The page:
The 1960's brought along numerous changes. The original focus of the civil rights movement was school integration, but there were also other issues that needed a voice. The School in the United States, discusses some of these issues, such as, "The Elementary and Secondary Education Act of 1965", "Title IX", and "The Public Law 94-142, Education for all Handicapped Children Act, 1975.".
President Lyndon B. Johnson was the most successful in lobbying for a federal role in improving the nation's schools. Johnson was a strong believer in the idea that education was the key to improved economic opportunities. "Poverty has many roots, but the tap root is ignorance" (Johnson, 295). Johnson was advocating a national effort to improve the educational experience of every citizen. No president had ever attempted this before him. Only three months after his initial legislation was seen in the federal courts, The Elementary and Secondary Education Act of 1965 was passed. .
Another important change which brought along good for the educational system, was Title IX, the Educational Amendment of 1972. Title IX stated that no person in the US on the basis of sex would be excluded from participation under any educational program or activity receiving federal assistance. .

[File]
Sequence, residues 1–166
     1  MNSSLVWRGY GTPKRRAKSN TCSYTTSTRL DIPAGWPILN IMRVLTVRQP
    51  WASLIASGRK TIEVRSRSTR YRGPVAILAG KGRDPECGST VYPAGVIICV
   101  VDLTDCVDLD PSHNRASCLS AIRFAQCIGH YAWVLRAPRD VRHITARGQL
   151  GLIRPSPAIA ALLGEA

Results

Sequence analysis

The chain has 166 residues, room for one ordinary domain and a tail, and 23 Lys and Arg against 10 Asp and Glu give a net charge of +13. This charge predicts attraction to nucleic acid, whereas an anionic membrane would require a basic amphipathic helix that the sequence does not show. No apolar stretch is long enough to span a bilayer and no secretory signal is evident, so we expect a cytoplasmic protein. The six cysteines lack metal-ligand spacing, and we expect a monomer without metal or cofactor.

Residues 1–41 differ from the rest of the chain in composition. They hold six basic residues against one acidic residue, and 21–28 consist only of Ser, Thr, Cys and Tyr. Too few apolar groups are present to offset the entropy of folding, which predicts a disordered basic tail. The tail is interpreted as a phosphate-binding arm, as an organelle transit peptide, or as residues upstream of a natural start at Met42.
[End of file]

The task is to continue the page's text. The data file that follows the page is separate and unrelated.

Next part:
The last group laboring for an extremely important cause, were the people fighting for people with handicaps in 1975. Schools were not offering equal treatment to all students regardless of handicap, and the Public Law 94-142 stopped this discrimination.
If I was living in the 1960's, I would have been a major supporter of Johnson's educational viewpoint. His personal opinions about the educational system of the time and his passion for teaching is what really brought along change. Before running for President, he himself, was a teacher. He knew from experience in the classroom, what needed to be changed. He knew that a teacher didn't have the power to make the changes he wanted to see.